How will I be assessed?
Modules in Economics are typically assessed through a mix of examination and coursework, and almost all of our students produce a third-year project. In all Economics courses (except Mathematics and Economics, MORSE, MMORSEand Liberal Arts), the first year is a qualifying year; your final degree classification is determined on performance in the second and third years.
What opportunities are there for study abroad?
We support student mobility through study abroad programmes and all students have the opportunity to apply for an intercalated year abroad at one of our partner universities. The Study Abroad Team based in the Office for Global Engagement offers support for these activities, and the Department’s dedicated Study Abroad Co-ordinator can provide more specific information and assistance.
A level A*AA including A in Mathematics.
International Baccalaureate 38 points, including 6 in Higher Level Mathematics
These normally exclude General Studies and Critical Thinking.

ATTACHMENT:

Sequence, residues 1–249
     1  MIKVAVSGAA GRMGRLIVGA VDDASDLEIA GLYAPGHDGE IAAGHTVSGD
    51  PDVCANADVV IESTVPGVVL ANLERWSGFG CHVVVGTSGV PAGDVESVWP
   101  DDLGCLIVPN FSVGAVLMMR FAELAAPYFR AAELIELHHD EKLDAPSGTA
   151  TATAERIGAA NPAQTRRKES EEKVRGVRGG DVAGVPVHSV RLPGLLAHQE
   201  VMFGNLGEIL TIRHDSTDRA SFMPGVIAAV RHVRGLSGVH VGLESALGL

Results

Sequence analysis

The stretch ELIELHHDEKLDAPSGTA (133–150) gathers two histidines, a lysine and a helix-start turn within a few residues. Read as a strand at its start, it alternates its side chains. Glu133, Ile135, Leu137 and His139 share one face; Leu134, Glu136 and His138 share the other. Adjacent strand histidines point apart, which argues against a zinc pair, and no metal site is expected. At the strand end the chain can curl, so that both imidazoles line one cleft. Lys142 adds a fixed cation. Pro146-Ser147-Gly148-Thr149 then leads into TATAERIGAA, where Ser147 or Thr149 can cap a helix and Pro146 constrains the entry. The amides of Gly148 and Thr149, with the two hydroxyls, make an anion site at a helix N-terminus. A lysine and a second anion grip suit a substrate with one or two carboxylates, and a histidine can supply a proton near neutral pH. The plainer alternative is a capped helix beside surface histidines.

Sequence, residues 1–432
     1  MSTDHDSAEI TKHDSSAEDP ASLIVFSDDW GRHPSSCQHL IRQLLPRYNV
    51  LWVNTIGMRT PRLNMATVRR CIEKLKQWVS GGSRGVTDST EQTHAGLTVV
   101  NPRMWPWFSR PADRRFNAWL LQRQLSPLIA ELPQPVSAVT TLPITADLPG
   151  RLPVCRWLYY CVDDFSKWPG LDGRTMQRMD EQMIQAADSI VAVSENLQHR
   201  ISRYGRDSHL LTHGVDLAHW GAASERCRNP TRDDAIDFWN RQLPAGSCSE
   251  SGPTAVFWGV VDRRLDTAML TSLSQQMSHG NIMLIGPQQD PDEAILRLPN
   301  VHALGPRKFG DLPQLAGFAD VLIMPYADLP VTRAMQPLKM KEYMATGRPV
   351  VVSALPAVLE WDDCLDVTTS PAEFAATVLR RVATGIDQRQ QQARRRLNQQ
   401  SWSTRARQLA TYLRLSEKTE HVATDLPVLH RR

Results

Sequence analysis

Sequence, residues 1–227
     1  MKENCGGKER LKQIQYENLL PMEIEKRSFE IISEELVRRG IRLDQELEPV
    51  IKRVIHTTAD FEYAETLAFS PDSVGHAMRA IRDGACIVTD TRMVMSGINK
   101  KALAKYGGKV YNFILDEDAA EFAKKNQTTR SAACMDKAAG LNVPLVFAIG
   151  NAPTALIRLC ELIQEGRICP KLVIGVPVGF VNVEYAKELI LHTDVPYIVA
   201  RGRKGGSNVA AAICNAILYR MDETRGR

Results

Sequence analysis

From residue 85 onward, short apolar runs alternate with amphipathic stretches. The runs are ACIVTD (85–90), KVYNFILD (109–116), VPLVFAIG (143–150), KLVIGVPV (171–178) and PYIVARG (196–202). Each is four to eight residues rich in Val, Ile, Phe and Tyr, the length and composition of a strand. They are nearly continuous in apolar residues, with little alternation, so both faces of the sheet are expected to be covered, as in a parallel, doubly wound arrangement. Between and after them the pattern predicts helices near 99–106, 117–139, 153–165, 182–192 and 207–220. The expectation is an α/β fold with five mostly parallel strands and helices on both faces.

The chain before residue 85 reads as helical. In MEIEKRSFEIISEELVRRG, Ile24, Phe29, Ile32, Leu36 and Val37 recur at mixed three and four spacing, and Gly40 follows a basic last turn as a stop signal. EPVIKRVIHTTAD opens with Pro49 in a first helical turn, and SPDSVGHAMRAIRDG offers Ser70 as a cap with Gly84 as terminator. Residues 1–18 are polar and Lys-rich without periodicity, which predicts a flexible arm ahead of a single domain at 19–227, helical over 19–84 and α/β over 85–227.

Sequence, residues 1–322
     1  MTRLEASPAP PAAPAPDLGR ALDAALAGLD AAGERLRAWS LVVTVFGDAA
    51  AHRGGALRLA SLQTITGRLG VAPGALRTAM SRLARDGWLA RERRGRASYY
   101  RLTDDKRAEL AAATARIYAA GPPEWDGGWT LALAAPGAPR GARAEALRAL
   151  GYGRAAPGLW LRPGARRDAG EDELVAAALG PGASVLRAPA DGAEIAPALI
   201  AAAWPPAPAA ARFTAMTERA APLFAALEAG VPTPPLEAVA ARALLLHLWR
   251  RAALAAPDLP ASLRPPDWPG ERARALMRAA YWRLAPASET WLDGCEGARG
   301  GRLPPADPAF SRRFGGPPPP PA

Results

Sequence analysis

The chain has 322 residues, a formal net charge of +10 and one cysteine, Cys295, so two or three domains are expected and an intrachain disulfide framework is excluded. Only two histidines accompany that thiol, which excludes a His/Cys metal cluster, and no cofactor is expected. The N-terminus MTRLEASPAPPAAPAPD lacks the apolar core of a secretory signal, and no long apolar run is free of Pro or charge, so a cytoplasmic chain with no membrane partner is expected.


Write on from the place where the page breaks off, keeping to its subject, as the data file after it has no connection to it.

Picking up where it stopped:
Contextual data and differential offers Warwick may make differential offers to students in a number of circumstances. These include students participating in the Realising Opportunities programme, or who meet two of the contextual data criteria. Differential offers will be one or two grades below Warwick’s standard offer (to a minimum of BBB).
Access Courses Access to HE Diploma (QAA-recognised) including appropriate subjects with distinction grades in level 3 units, and grade A in A level Mathematics or equivalent.
Warwick International Foundation Programme (IFP) All students who successfully complete the Warwick IFP and apply to Warwick through UCAS will receive a guaranteed conditional offer for a related undergraduate programme (selected courses only). For full details of standard offers and conditions visit the IFP page.
We welcome applications from students with other internationally recognised qualifications. For more information please visit the international entry requirements page.
Taking a gap year Applications for deferred entry welcomed.
Interviews We do not typically interview applicants. Offers are made based on your UCAS form which includes predicted and actual grades, your personal statement and school reference. We are considering innovative ways to broaden how we assess candidates, so you are advised to check our website prior to applying in case we have introduced any changes.